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S&P500 Back In The Green For 2011!

  • Written by Syndicated Publisher 32 Comments32 Comments Comments
    November 16, 2011

    It was a bit of a topsy-turvy day. The financial press found encouragement in their analysis of Retail Sales, the Producer Price Index and the Empire State Index. Nevertheless, the market slumped for the first two hours. But late morning saw a turn-around rally to a 1.0% intraday high of 1.00%, and then a selloff in the final 30 minutes trimmed the gain to 0.48%. That was good enough, however, to put the index back into the green for the year — just barely — at 0.01%. The S&P 500 is 7.76% off the interim high of April 29 and about 14 points below the 200-day moving average.

    From an intermediate perspective, the index is 85.9% above the March 2009 closing low and 19.6% below the nominal all-time high of October 2007.

    Below are two charts of the index, with and without the 50 and 200-day moving averages.

     

     

     

     

    For a better sense of how these declines figure into a larger historical context, here’s a long-term view ofsecular bull and bear markets in the S&P Composite since 1871.

    For a bit of international flavor, here’s a chart series that includes an overlay of the S&P 500, the Dow Crash of 1929 and Great Depression, and the so-called L-shaped “recovery” of the Nikkei 225. I update these weekly.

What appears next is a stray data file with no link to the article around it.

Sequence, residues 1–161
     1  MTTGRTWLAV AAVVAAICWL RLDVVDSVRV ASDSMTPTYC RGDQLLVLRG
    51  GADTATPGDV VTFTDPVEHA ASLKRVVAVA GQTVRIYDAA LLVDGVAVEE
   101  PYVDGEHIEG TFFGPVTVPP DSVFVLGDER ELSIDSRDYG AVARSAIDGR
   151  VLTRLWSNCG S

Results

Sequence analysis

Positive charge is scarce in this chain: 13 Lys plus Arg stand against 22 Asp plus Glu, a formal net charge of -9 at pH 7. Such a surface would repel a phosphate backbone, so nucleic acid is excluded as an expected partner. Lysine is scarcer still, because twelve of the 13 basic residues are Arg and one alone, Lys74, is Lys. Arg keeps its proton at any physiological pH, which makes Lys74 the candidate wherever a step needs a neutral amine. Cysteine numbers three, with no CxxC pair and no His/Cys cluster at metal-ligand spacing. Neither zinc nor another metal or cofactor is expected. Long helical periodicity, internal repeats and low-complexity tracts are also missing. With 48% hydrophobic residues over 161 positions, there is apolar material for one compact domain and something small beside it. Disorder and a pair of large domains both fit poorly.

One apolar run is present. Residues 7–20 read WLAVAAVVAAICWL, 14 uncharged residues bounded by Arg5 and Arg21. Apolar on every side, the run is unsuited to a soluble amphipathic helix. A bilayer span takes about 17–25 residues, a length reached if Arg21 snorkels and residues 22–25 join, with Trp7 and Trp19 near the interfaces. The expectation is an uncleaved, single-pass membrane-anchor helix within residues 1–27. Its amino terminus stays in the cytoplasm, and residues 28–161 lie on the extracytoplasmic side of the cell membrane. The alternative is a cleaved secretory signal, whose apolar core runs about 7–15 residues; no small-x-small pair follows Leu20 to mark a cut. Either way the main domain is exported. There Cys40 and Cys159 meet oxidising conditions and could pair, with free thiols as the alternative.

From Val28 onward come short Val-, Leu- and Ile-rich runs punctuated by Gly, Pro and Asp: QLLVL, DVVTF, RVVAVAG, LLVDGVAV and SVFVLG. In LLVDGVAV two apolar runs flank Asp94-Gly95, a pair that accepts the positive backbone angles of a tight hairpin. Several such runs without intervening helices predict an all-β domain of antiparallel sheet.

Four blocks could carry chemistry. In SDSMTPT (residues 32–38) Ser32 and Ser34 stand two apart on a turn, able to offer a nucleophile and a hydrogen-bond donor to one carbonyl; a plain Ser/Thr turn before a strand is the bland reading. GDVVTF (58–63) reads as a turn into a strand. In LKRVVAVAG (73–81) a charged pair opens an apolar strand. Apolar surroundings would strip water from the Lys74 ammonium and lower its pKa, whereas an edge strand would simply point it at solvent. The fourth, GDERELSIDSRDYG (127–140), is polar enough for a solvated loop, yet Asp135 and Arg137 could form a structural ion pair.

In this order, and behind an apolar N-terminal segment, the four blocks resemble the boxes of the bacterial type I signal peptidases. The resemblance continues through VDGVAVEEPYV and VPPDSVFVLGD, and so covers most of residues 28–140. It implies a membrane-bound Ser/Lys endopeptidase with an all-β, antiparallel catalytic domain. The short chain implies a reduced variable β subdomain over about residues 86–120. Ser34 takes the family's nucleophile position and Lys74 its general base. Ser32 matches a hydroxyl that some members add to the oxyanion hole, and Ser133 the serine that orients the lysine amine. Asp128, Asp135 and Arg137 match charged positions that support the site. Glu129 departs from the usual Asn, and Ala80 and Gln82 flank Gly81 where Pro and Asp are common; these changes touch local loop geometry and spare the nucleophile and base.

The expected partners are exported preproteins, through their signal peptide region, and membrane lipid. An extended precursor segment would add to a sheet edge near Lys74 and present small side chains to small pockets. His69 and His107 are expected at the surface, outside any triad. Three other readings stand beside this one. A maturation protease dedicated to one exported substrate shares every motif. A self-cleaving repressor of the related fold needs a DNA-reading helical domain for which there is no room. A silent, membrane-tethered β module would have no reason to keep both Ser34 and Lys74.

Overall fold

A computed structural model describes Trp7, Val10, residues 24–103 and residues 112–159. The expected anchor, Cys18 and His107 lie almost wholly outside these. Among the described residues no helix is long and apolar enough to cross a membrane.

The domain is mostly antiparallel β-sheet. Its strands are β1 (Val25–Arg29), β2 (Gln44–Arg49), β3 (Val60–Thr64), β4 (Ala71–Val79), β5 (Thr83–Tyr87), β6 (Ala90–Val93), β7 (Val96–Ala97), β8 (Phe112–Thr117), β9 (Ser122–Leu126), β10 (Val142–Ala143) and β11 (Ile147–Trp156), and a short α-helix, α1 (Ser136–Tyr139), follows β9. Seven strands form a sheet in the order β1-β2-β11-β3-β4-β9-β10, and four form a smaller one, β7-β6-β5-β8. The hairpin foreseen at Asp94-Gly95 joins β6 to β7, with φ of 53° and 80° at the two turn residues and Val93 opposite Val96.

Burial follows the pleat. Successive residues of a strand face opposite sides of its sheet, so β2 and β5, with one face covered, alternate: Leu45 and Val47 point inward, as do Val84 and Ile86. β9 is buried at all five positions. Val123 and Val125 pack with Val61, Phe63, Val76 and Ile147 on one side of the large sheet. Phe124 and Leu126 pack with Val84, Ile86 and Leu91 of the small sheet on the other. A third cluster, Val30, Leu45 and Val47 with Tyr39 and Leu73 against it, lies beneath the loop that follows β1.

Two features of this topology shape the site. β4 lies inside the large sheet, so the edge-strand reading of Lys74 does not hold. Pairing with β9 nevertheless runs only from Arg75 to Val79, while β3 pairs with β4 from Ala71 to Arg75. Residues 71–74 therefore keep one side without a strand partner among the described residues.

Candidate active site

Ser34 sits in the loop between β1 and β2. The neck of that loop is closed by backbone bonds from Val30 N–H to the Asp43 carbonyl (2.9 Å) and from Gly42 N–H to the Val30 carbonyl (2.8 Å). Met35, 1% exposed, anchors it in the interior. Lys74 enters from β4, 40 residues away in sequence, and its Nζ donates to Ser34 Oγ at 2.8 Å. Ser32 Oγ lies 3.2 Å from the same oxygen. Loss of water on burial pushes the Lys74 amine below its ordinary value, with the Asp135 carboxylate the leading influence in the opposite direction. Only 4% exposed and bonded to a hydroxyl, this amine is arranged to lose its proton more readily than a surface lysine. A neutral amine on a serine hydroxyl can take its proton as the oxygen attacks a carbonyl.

These charts are not intended as a forecast but rather as a way to study the current market in relation to historic market cycles.

     

    Images: Flickr (licence attribution) 

    About The Author

    My original dshort.com website was launched in February 2005 using a domain name based on my real name, Doug Short. I’m a formerly retired first wave boomer with a Ph.D. in English from Duke. Now my website has been acquired byAdvisor Perspectives, where I have been appointed the Vice President of Research.

    My first career was a faculty position at North Carolina State University, where I achieved the rank of Full Professor in 1983. During the early ’80s I got hooked on academic uses of microcomputers for research and instruction. In 1983, I co-directed the Sixth International Conference on Computers and the Humanities. An IBM executive who attended the conference made me a job offer I couldn’t refuse.

    Thus began my new career as a Higher Education Consultant for IBM — an ambassador for Information Technology to major universities around the country. After 12 years with Big Blue, I grew tired of the constant travel and left for a series of IT management positions in the Research Triangle area of North Carolina. I concluded my IT career managing the group responsible for email and research databases at GlaxoSmithKline until my retirement in 2006.

    Contrary to what many visitors assume based on my last name, I’m not a bearish short seller. It’s true that some of my content has been a bit pessimistic in recent years. But I believe this is a result of economic realities and not a personal bias. For the record, my efforts to educate others about bear markets date from November 2007, as this Motley Fool article attests.
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